Google's Android Smartphone On Way To Surpassing iPhone & Blackberry Sales
-- We're getting closer to the day when Google is the preferred company of the music fan. The smartphone market is practically in a three-way dead heat, according to the latest figures released by Nielsen. Apple leads in overall market share with a 28.6% share. Blackberry and Android follow with shares of 26.1% and 25.8%, respectively.
Android has dominated purchases in the last six months, however. Android has a 40.8% share of smartphones acquired in the last six months. That's nearly 14 percentage points ahead of Apple, which is second at 26.9%. Blackberry is a distant third at 19.2%.
What's most dramatic is Android's quick rise to its current dominant share. In June 2010, Android's 27.5% was the second best share of recent acquisitions to Blackberry's 35%. Since then, Android has soared and Blackberry has consistently fallen each month. Apple's market share of new acquisitions has been pretty much flat for the last three months.
What does this mean for the music business? App developers will need to weigh the importance of releasing products for Apple's iOS operating system versus the Android. Much has been said of the relative ease of creating apps for iOS. Some developers have stated that they will continue to focus on iOS because of the difficulty of creating apps that work well across the wide range of devices that use the Android operating system.
When Android overtakes Apple in smartphone market share, however, developers may conclude that the size of the Android market makes up for the extra effort and expense needed to develop for that market. To see developers favor Android over iOS would be an extraordinary change in events for music, a market Apple has dominated since the iPod was released. (NielsenWire)
TechCrunch Calls Zap Tunes Return As A Non-Licensed 'Music Social Network' A 'Scam'
-- ZapTunes has returned as a "music social network," according to a press release issued Tuesday. The company is best known for offering Beatles MP3s without permission from the copyright owners. In an email to Hypebot, a Zaptunes spokesperson claimed the company had obtained for proper licenses from Sony/ATV. Zaptunes executives must not have realized there are two copyrights in recorded music. The site shut down just a few months after it launched.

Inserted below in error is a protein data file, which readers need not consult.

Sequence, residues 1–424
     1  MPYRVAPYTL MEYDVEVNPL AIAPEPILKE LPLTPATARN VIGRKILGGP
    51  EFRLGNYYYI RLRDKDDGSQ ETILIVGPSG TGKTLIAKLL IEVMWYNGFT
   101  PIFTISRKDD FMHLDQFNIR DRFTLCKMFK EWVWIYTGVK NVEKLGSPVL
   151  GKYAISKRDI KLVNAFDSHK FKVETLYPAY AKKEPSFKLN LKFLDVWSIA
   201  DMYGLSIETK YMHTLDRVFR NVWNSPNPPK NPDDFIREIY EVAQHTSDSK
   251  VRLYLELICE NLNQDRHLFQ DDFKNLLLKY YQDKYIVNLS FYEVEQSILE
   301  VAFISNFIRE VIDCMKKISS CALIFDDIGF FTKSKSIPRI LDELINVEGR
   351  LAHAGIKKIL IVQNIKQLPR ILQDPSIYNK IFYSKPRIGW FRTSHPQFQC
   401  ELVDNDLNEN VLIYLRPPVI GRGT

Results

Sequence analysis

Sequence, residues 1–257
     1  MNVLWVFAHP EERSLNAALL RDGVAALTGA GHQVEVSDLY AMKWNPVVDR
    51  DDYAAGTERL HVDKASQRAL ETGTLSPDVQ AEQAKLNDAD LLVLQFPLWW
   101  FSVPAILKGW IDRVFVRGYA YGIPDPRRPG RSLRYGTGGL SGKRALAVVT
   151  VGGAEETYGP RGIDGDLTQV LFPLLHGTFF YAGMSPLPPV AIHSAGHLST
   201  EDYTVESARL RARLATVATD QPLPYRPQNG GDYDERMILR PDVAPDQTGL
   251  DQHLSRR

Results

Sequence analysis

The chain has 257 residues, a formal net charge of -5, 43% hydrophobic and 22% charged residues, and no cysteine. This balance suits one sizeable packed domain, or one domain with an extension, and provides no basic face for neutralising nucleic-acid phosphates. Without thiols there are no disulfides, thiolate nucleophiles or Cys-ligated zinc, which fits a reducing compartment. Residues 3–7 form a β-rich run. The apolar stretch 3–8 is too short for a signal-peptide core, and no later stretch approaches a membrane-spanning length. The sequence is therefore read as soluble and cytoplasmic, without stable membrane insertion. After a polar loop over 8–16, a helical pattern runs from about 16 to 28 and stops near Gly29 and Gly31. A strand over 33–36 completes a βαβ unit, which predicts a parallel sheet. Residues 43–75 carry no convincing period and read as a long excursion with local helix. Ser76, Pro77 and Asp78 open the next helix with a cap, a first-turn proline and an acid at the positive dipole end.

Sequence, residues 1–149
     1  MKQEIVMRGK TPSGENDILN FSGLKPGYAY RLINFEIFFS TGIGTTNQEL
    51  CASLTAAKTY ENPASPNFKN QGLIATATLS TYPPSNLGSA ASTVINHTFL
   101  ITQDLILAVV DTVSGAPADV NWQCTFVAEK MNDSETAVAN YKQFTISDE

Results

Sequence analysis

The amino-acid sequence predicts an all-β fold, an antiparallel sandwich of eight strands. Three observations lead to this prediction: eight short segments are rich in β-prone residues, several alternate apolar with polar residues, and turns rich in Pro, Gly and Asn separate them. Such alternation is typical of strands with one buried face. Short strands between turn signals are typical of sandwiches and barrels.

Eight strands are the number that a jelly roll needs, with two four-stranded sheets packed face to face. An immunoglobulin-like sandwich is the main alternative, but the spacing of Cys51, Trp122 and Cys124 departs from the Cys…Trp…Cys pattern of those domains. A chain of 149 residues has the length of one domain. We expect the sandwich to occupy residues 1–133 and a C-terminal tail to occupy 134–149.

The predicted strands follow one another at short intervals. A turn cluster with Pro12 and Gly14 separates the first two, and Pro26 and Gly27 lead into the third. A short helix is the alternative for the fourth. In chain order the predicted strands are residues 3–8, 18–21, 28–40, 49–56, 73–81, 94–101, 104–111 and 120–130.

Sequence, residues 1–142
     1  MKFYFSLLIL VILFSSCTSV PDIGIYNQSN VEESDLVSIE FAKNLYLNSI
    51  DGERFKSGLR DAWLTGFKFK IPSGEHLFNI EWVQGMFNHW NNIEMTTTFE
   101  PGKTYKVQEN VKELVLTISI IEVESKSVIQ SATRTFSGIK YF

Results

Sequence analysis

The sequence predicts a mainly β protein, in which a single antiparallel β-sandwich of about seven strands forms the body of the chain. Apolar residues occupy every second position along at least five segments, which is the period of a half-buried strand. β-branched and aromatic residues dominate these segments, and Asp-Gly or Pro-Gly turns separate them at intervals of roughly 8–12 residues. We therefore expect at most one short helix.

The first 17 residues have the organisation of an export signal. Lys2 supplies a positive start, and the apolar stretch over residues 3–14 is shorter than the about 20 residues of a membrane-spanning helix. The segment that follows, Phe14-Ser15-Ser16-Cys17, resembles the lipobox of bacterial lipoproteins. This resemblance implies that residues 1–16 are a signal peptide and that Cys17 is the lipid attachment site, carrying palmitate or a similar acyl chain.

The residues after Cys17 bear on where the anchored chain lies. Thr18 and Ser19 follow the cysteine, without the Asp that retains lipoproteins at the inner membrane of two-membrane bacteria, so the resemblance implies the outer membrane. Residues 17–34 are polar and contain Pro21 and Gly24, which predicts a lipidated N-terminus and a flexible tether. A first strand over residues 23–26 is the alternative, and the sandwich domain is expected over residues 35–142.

Now ZapTunes is offering free downloads from a catalog it claims to be eight million tracks in size. The $25-per-month fee is currently being waived. The same no-fee offer was in place when the previous incarnation of the site launched in August of last year.
Consumers need to be aware that Zaptunes does not have licenses for the music is offers. In fact, the company admits this fact. At the bottom of the home page is some fine print: "ZapTunes.com does not own any copyrights or license to any music/artist/album/art work mentioned anywhere on this website. In addition, ZapTunes.com does not offer any free or paid downloads from its servers, nor does it provide any links to any websites providing illegal downloads…ZapTunes is a free music discovery website, that enables its members to find free or paid music legally."
Why pay $25 a month for music that has not been licensed? That's a good question. Consumers are being lured to a site that acts as a search engine for MP3 files - which may or may not be legal copies of copyrighted material. And consumers need to understand that rights owners are probably not sharing in the revenue generated from the banner ads placed on the site.
TechCrunch, which in the past has taken on virtual goods scams offered by online gaming companies, minces no words when it calls this latest incarnation of ZapTunes "a gigantic scam."